• WordNet 3.6
    • v muffle conceal or hide "smother a yawn","muffle one's anger","strangle a yawn"
    • v muffle deaden (a sound or noise), especially by wrapping
    • n muffle a kiln with an inner chamber for firing things at a low temperature
    • ***
Webster's Revised Unabridged Dictionary
    • Muffle A pulley block containing several sheaves.
    • Muffle (Ceramics) A small oven for baking and fixing the colors of painted or printed pottery, without exposing the pottery to the flames of the furnace or kiln.
    • Muffle (Metal) An earthenware compartment or oven, often shaped like a half cylinder, used in furnaces to protect objects heated from the direct action of the fire, as in scorification of ores, cupellation of ore buttons, etc.
    • Muffle Anything with which another thing, as an oar or drum, is muffled; also, a boxing glove; a muff.
    • n Muffle mŭf"f'l The bare end of the nose between the nostrils; -- used esp. of ruminants.
    • Muffle To prevent seeing, or hearing, or speaking, by wraps bound about the head; to blindfold; to deafen.
    • v. i Muffle To speak indistinctly, or without clear articulation.
    • Muffle To wrap or fit with something that dulls or deadens the sound of; as, to muffle the strings of a drum, or that part of an oar which rests in the rowlock; to muffle the exhaust of a motor vehicle.
    • Muffle To wrap up in something that conceals or protects; to wrap, as the face and neck, in thick and disguising folds; hence, to conceal or cover the face of; to envelop; to inclose; -- often with up. "The face lies muffled up within the garment.""He muffled with a cloud his mournful eyes.""Muffled up in darkness and superstition."
    • ***
Century Dictionary and Cyclopedia
    • muffle To infold or wrap up, especially in some cloth or woven fabric, so as to conceal from view or protect from the weather; wrap up or cover close, particularly the neck and face; envelop or inwrap in some covering.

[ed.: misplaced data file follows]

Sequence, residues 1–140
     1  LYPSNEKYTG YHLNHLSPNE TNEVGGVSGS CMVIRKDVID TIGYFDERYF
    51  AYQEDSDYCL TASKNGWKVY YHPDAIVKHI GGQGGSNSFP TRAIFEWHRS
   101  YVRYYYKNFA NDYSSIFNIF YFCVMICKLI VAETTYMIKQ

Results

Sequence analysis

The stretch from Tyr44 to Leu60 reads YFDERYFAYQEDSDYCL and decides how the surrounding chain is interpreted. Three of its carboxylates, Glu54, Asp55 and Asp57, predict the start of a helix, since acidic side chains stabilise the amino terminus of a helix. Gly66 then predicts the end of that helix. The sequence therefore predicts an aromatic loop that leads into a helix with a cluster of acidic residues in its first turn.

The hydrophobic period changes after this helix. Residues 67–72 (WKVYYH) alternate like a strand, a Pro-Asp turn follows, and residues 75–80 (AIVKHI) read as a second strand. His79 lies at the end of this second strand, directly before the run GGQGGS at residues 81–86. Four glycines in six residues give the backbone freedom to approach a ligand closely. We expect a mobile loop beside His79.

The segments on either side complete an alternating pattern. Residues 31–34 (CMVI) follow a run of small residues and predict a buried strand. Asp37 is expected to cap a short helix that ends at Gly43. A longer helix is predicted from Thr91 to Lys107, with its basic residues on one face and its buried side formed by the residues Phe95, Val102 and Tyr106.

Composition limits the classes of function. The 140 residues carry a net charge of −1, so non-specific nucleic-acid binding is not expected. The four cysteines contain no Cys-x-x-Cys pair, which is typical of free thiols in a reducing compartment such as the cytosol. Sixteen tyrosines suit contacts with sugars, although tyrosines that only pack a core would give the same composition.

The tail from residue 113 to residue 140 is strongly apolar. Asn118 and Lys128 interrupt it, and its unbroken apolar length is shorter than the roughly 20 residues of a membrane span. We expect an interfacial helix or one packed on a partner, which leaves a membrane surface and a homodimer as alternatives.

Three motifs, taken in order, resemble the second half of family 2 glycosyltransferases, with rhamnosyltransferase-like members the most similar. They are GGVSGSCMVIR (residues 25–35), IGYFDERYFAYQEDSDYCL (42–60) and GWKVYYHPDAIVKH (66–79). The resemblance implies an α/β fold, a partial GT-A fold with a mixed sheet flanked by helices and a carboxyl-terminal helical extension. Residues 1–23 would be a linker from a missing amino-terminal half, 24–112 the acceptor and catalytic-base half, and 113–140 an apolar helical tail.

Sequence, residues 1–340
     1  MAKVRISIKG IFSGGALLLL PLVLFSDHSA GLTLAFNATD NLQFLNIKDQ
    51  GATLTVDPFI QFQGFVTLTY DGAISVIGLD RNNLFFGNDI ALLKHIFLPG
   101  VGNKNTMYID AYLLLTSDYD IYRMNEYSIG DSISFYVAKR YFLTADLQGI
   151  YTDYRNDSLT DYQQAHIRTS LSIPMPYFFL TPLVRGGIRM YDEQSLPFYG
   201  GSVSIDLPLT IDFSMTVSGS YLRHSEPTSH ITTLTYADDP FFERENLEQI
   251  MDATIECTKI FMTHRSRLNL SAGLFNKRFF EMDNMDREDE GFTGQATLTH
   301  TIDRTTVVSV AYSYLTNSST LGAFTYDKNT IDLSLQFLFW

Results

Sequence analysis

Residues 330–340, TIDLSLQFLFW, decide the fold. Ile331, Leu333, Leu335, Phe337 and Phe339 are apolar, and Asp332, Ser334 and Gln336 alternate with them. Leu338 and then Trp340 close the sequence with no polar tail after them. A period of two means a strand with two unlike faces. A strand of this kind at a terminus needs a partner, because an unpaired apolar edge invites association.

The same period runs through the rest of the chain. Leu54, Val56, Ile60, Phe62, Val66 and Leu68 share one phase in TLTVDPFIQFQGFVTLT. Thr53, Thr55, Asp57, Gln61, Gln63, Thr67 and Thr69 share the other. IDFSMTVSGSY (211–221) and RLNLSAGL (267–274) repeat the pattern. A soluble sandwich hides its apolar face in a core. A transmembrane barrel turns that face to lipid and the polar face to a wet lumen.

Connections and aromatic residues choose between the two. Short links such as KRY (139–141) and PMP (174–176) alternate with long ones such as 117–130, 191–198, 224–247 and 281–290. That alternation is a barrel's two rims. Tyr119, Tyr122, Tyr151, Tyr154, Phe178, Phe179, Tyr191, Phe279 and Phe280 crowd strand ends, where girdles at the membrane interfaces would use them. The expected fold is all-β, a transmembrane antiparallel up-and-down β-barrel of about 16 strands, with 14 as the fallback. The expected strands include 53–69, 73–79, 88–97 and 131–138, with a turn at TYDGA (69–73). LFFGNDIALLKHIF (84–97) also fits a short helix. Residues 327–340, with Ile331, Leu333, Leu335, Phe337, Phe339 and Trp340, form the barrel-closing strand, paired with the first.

• muffle To blindfold.
    • muffle Figuratively, to wrap up or cover; conceal; involve.
    • muffle To envelop more or less completely in something that deadens sound: used especially of bells, drums, and oars. See muffled.
    • muffle To restrain from speaking by wrapping up the head; put to silence.
    • muffle Synonyms Muzzle, etc. See gag.
    • muffle To mumble; mutter; speak indistinctly.
    • n muffle The tumid and naked part of the upper lip and nose of ruminants and rodents.
    • ***
Chambers's Twentieth Century Dictionary
    • n Muffle muf′l the thick naked upper lip and nose, as of a ruminant.
    • v.t Muffle muf′l to wrap up as with a muff: to blindfold: to cover up so as to render sound dull, as a bell or a drum: to cover from the weather
    • n Muffle something used for smothering sound: a boxing-glove: a clay oven, as for firing pottery
    • v.i Muffle muf′l to mumble.
    • ***


  • Kahlil Gibran
    “You can muffle the drum, and you can loosen the strings of the lyre, but who shall command the skylark not to sing?”


Webster's Revised Unabridged Dictionary
F. moufle, prop., a mitten, from the resemblance in shape. See Muffle (v. t.) Muff


In literature:

He looked at her again, his face worked; at last John Berber with a muffled groan burst into terrible human tears.
"The Best Short Stories of 1920" by Various
At last he put his muffled mouth to my ear and shouted through the cape of his wamus.
"The Black Wolf Pack" by Dan Beard
Thus it came about that Gage made love to Frank Merriwell, instead of the fair captive he believed was muffled by the coat.
"Frank Merriwell Down South" by Burt L. Standish
There was a rustling and shuffling and a sound of hurried, muffled steps.
"Miss Pat at School" by Pemberton Ginther
I caught the faintest of sounds from within; a muffled click, voices.
"Greylorn" by John Keith Laumer
To the northward a muffled roar sounded, followed instantly by another.
"Dave Darrin After The Mine Layers" by H. Irving Hancock
What muffled fellow's that?
"Measure for Measure" by William Shakespeare